Last night, I went to NZSO’s Shakespeare in Music performance at the Michael Fowler Centre. Apparently, this year marks William Shakespeare‘s 450th birthday so the Orchestra is celebrating it by holding several concerts focusing on music composed for Shakespeare’s famous plays.
Some of Shakespeare’s plays, below. Papa’s favourites were Othello, Hamlet and Macbeth (I couldn’t find Coriolanus so no picture of that). Mine’s Merchant of Venice. King Lear’s probably the most depressing of all, followed by Romeo and Juliet (which probably is his most popular play) – photos taken using my reliable P&S camera, so excuse wonky horizon lines.
I was given comps at work and it was a shame to put the freebie to waste. The wind was howling at Wellington but that didn’t deter me from going, and I’m glad that I did because the whole concert was just … superb! I admit that I’m not a classical music aficionado and I wouldn’t be able to identify Bach from Beethoven but that doesn’t mean I can’t appreciate fine tunes when I hear it. And last night’s concert was just great! It’s actually one of the few times I’ve attended such an event where I didn’t yawn.
Mendelssohn (who apparently composed the very popular Wedding March for the play Midsummer Night’s Dream) and Strauss (who composed music based on Macbeth) are now among my favourite composers. The journey to self-discovery continues!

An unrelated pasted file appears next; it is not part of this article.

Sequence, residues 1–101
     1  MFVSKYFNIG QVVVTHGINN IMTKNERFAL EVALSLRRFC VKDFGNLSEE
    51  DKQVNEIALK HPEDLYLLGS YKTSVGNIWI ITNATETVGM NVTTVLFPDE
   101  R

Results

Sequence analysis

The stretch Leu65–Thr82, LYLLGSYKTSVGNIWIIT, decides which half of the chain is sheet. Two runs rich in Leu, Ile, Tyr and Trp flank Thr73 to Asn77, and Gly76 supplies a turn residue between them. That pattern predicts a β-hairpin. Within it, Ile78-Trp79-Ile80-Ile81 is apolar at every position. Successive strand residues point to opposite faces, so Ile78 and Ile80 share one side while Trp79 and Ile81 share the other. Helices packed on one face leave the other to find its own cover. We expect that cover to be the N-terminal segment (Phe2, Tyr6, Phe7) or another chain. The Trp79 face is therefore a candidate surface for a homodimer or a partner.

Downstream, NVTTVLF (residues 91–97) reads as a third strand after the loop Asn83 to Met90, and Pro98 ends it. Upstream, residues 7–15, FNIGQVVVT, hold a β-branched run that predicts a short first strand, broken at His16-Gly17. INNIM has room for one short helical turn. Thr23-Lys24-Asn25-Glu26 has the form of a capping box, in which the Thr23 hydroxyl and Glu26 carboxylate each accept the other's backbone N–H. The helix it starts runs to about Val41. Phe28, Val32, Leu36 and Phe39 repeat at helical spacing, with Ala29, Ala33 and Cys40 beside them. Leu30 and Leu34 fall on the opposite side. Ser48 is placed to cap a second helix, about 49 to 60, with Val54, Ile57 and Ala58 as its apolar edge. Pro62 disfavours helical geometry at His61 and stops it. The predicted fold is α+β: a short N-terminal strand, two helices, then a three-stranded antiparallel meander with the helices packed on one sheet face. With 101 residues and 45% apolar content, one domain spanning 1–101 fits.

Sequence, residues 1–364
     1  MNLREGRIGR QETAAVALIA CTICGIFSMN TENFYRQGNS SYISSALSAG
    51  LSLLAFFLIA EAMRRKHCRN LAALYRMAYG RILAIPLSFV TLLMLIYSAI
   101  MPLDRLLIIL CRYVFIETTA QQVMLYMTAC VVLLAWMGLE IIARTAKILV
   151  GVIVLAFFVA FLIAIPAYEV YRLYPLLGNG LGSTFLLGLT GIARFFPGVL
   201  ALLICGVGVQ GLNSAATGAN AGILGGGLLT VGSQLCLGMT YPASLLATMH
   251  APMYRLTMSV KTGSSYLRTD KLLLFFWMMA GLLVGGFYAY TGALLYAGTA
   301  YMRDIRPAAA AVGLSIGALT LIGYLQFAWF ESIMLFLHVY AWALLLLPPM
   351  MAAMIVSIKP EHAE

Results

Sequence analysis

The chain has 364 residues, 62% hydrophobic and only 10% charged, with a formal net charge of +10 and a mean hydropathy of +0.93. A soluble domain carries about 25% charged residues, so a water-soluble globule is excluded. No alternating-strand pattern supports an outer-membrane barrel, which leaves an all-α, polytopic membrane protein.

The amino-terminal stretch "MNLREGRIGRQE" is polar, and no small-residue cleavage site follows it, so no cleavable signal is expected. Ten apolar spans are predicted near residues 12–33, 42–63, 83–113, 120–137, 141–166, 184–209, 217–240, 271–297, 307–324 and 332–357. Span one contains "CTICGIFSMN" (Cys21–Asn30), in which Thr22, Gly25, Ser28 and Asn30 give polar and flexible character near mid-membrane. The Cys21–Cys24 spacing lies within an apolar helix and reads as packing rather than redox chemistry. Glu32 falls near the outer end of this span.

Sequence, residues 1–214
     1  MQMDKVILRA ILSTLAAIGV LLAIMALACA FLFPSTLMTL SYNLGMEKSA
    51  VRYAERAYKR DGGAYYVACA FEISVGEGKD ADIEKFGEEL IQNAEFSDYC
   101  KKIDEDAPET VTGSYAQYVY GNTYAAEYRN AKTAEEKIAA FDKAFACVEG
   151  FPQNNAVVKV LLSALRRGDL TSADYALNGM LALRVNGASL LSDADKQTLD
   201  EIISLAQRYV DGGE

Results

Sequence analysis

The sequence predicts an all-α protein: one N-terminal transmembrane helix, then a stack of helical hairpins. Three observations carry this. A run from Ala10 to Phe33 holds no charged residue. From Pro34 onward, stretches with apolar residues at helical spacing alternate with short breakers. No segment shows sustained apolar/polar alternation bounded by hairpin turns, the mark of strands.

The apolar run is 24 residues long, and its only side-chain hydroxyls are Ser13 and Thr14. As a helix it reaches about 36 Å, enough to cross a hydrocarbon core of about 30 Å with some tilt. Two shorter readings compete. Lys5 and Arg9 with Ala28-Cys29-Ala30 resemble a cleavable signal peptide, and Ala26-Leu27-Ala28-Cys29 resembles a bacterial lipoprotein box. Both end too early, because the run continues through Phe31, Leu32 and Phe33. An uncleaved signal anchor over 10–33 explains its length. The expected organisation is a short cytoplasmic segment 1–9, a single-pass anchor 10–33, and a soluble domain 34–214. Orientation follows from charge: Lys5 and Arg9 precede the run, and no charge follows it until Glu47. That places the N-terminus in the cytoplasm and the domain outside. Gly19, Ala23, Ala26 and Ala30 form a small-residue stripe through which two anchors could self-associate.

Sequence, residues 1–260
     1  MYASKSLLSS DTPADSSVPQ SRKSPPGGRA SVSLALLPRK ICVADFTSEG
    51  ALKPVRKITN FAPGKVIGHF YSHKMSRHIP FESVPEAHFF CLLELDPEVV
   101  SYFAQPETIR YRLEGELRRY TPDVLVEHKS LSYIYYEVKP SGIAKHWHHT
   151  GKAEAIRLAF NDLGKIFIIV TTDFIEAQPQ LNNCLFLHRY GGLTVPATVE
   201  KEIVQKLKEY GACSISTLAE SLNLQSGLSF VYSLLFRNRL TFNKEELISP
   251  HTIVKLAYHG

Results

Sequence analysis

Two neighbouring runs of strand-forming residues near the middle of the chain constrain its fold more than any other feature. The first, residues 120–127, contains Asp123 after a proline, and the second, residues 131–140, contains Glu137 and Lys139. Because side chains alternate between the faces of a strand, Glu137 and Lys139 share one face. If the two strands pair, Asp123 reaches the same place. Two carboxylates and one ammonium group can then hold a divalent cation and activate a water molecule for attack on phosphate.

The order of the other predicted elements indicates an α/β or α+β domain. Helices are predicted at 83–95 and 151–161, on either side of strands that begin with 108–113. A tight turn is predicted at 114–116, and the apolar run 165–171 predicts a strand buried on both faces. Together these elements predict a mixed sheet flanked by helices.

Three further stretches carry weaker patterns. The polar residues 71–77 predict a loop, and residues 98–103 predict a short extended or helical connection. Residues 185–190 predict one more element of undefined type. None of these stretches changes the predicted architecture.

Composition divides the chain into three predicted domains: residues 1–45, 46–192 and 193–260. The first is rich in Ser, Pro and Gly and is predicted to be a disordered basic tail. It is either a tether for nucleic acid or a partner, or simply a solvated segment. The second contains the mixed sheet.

ANYWAY – this little excursion brought back memories of a much bigger trip done not so long ago. Last May, I went to Oxford and made sure that I found time to visit the Bard’s Abode at Stratford upon Avon. I missed my train but managed to catch the next one so, I was still able to spend a few hours exploring the town where William Shakespeare was born.
I would have wanted to visit all five homes on the tour book, but only had time to see one (his birthplace). Shakespeare’s family appeared to be well-off. Their house was quite big, had several rooms and even had a bed in the living room!
According to the guides, back in those days, placing your bed in the living room was a way of showing off wealth. You’re telling everyone that you can afford to buy a bed to keep yourself warm. Interior
Sadly, I wasn’t able to visit Anne Hathaway’s cottage so I’ll have to schedule a trip sometime in the future to see that. I shall end this entry with a photo of the Birthroom Window.
According to the text (which you may not be able to read, it’s at the bottom of the image): “This window was formerly in the birth room of Shakespeare’s Birthplace. It became traditional for pilgrims to etch their names into the glass as a symbol of their visit. The earliest recorded date on the window is 1806. Famous names written on the glass include the Scottish writer Walter Scott; the philosopher Thomas Carlyle; and two great Shakespearian actors, Ellen Terry and Henry Irving.”
HAPPIEST BIRTHYEAR TO THE GREATEST PLAYWRIGHT OF OUR TIME!